Steve Spagnuolo preferred to remain defensive coordinator for the Giants for a year until he could accept a “better” offer from the Rams. Pete Carroll delayed his return to the pros for two years until a “better” offer from the Seahawks. Jim Caldwell already knew he was in line for the Colts job when Tony Dungy left. (The Colts really were a better offer.)
So the Redskins’ executive vice president in his first shot at running a team turned to the newly hired offensive coordinator, Zorn, whom nobody else wanted as coordinator, to run the whole team.
Zorn was the only head coach candidate who got to name his own offensive coordinator. He turned to Sherm Smith, who was never before a coordinator. The Redskins wanted the West Coast Offense for the passing game while retaining Joe Gibbs’ power running game. Oddly, they released Gibbs’ running back coach, Ernest Byner, to bring in Stump Mitchell.
The outcome of the Jim Zorn era was a foregone conclusion. We just refused to see it. Not that I blame Zorn for much of it.
If Danny Snyder had any real football conviction, he would have stuck by Jim Fassel to coach this team. Fassel provided the coaching strategy that Snyder followed after leaving Fassel behind. Fassel was the boring pick, but he would have provided the leadership Zorn needed as coordinator, that the Redskins tried to fix with Sherm Lewis. And Fassel would have been a stronger leader for the veteran players through the travails of 2009.
Jim Fassel has yet to hook up with another NFL team. He led the Las Vegas Locomotives to the first UFL Championship. By odd coincidence, Washington signed his kicker, Graham Gano, in December 2009.
3. Mike Shanahan, (146-98-0 Regular Season, 8-5 Playoffs, 2 Super Bowl wins) Shanahan is third on this list because he’s yet to win a game as Redskins head coach. The two men ahead of him on this list also had distinguished pro backgrounds but were so-so with Washington.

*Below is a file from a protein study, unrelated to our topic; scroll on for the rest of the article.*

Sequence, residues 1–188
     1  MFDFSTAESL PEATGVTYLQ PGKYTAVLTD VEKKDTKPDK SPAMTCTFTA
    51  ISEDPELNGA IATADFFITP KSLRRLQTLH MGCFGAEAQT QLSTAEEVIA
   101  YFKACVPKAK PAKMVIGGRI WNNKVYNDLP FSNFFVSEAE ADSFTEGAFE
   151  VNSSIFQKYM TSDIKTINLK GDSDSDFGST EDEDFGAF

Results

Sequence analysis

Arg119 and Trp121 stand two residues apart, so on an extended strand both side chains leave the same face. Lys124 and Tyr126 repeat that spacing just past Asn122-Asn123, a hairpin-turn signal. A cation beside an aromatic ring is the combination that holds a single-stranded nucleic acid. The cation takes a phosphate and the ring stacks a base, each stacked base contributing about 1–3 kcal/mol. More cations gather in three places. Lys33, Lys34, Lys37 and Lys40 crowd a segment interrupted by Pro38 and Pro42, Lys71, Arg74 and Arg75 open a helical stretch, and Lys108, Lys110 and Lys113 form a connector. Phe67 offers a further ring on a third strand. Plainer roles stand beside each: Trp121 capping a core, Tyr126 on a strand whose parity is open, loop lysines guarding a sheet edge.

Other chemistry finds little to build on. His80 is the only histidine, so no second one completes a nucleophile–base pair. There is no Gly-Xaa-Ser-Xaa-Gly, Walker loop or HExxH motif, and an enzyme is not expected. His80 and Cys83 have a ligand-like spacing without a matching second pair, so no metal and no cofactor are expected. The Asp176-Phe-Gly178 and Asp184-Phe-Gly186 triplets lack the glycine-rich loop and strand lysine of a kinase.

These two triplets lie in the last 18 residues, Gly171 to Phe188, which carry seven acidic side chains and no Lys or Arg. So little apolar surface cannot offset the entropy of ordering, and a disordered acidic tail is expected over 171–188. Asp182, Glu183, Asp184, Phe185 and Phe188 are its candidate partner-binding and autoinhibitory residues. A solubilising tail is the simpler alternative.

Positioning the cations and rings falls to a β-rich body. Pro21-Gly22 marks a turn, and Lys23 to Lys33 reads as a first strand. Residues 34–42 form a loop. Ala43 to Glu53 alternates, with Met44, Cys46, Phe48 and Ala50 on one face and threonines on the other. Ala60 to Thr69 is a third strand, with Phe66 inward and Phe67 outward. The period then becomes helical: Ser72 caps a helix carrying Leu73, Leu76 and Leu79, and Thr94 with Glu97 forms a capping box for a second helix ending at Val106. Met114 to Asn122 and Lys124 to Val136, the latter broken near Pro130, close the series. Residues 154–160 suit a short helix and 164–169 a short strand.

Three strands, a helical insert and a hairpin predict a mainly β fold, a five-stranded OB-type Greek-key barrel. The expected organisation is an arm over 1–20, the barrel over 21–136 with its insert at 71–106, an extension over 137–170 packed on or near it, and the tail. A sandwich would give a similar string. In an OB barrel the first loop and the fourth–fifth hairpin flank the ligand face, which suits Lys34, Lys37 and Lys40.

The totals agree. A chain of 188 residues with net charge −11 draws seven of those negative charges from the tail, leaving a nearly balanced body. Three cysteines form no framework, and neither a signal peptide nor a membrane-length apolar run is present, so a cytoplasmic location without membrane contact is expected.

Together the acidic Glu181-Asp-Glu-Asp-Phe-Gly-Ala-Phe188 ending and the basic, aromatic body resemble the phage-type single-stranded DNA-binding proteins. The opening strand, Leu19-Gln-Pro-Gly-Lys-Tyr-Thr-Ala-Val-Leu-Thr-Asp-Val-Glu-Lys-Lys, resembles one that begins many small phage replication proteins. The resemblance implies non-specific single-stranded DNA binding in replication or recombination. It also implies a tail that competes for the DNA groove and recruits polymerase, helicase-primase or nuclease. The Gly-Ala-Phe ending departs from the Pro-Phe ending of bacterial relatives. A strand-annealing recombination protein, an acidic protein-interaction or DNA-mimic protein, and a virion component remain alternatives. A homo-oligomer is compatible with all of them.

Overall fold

If the post-Redskins performance of Norv Turner and Gregg Williams prove anything it’s that Danny Snyder hires very good football people. Something (named Danny Snyder) happens to them when they get here.
Maybe Snyder really intends to keep his hands off football operations this time. We won’t know that for two or three seasons. We have to see whether Snyder melts down again when the Skins face adversity. It’s football. There’s always adversity. It’s part of the test of champions and it stresses every part of the organization.
Shanahan was available because he was fired after going 24-24 in his last three seasons with the Broncos. Denver owner Pat Bowlen knows football better than Danny Snyder. Skepticism is healthy when it comes to the Dannyhan era.
Now, if Shanahan can get us Champ Bailey back, it would change everything.
2. Marty Schottenheimer (8-8 Redskins, 200-126-1 Regular Season, 5-13 Playoffs) Two things impressed me about Schottenheimer. The first was that he won eight of his last 11 games as Redskins coach with Tony Banks at quarterback. Stop and let the enormity of that statement sink in. The second was his contract that gave him complete control of all football decisions thus protecting the team from the owner.